Click. Out of focus.
Click. Over exposed.
Click. Over exposed and out of focus.
Click. Missed again.
Wildlife photography is one of those photographic genres I have never been able to get to grips with.
It's not that I don't enjoy looking at great wildlife photos - I love them - it's just not something I've ever had any success with.
As a portrait photographer, or even fantasy narrative photographer, I interact with my subjects. I can tell them to move here or there, turn this way of that, and work with their ideas about how they wish to be portrayed.
And of course none of this is possible with wild animals.
Instead, you have to be patient. You have to find the right spot to set up in and wait for them to perform the action you wish in the place you want. And if they don't, you go away empty handed.
A few miles along the road from where I live is a Red Kite Feeding Station. Red Kites became extinct in Scotland back in the 19th century, but were reintroduced a couple of decades back. About 10 years ago the Galloway Kite Trail was created as a tourist attraction for the area and the Feeding Station is open to the public every afternoon.
Every time I've driven past it I've thought I should take my camera along at some point. Approximately 80+ birds gather there at 2pm each day so I figured I would have a better than average chance of getting a reasonable shot.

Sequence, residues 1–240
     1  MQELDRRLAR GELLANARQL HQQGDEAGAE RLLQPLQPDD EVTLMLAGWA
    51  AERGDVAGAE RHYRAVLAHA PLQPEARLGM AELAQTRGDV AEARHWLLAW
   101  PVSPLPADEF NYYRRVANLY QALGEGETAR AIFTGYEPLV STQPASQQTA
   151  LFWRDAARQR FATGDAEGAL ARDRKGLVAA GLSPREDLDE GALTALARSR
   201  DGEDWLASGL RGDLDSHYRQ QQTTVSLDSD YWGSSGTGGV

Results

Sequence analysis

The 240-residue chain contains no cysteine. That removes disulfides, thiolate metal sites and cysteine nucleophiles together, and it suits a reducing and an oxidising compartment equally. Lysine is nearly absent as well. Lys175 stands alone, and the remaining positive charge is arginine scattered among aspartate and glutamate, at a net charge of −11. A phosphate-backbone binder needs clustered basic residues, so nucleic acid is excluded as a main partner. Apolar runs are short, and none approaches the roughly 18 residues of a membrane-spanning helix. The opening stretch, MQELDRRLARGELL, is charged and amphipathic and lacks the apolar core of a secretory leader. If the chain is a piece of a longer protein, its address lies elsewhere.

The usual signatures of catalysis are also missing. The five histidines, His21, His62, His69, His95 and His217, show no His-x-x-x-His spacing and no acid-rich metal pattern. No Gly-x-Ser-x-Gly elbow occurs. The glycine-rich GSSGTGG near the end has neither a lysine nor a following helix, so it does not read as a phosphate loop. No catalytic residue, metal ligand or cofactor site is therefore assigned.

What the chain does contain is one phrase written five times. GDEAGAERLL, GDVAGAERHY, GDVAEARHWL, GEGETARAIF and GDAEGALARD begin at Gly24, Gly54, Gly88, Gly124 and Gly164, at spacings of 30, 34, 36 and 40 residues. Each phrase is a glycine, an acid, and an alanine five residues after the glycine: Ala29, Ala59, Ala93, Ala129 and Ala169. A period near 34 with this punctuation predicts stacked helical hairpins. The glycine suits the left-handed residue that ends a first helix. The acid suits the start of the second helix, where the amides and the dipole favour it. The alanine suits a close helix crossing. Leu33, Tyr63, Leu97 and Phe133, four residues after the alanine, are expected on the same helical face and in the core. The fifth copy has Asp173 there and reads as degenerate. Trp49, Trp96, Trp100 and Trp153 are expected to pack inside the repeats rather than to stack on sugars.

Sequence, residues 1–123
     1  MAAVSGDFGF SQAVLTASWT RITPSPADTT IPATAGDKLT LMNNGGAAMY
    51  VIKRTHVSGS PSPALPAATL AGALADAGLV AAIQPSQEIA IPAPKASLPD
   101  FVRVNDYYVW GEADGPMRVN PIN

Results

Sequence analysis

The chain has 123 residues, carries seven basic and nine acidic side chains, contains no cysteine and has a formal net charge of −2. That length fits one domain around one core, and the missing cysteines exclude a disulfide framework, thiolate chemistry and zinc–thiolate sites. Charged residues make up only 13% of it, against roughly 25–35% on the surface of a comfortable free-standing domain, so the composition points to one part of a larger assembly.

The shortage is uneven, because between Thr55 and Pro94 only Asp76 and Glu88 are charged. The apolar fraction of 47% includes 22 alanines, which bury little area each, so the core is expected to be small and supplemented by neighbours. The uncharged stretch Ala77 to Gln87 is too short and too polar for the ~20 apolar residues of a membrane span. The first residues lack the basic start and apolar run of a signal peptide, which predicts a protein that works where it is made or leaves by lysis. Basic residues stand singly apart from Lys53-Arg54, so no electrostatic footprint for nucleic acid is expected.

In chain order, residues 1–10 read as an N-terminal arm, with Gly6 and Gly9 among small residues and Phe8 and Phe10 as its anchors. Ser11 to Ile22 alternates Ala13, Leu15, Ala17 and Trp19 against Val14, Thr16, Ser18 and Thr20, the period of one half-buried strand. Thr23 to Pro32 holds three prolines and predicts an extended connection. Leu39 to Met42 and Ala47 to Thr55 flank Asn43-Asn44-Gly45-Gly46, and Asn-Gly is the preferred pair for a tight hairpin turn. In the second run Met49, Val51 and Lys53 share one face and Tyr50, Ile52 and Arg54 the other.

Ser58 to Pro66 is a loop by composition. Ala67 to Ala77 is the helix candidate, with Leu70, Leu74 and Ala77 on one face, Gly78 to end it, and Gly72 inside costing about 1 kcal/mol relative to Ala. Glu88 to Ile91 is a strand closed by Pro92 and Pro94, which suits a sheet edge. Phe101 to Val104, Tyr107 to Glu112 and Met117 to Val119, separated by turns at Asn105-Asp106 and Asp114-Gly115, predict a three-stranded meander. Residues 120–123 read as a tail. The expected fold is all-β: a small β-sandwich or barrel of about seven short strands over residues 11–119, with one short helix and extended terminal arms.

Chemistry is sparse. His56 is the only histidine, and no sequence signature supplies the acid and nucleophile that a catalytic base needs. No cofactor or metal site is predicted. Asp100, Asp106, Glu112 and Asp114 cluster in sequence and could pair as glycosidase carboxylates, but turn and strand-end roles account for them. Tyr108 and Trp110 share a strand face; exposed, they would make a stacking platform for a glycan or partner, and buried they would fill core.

Last Saturday the Red Kite Feeding Station had an open day, so I put the big lens (70-200mm) on the camera and went wandering along.
I have a good camera, a good lens and make my living from photography. How hard could it be?
Extremely hard, it turns out.
You! Yes, you on the right - just hold that position for a few seconds longer. Dammit, are you not listening to me?
Red Kites can move very quickly. By the time you have seen one hovering, lined up the camera and focused, it is long gone.
What I ended up doing was rapid-fire shooting - as soon as I thought I was lined up on anything I held my finger down and fired off half a dozen shots in quick succession.
I wasn't the only person to try this: all along the viewing platform cameras were busy clicking away, creating a near continuous sound not dissimilar to the background noises of jungle scenes in movies. However, for me this approach would lead to me ending up with half a dozen over-exposed, out of focus shots of birds half out of the picture each time.
350 pictures or so later, my best image (by quite a long way) was this:
Randomly caught, lucky bit of back lighting, best shot of 350 clicks - no real skill involved
Whereas, despite it being a different bird and there being no water about, what I'd been hoping for was something more like this:
Photo GJ Wildlife Photography
For the time being, I think I'll stick to photographing people...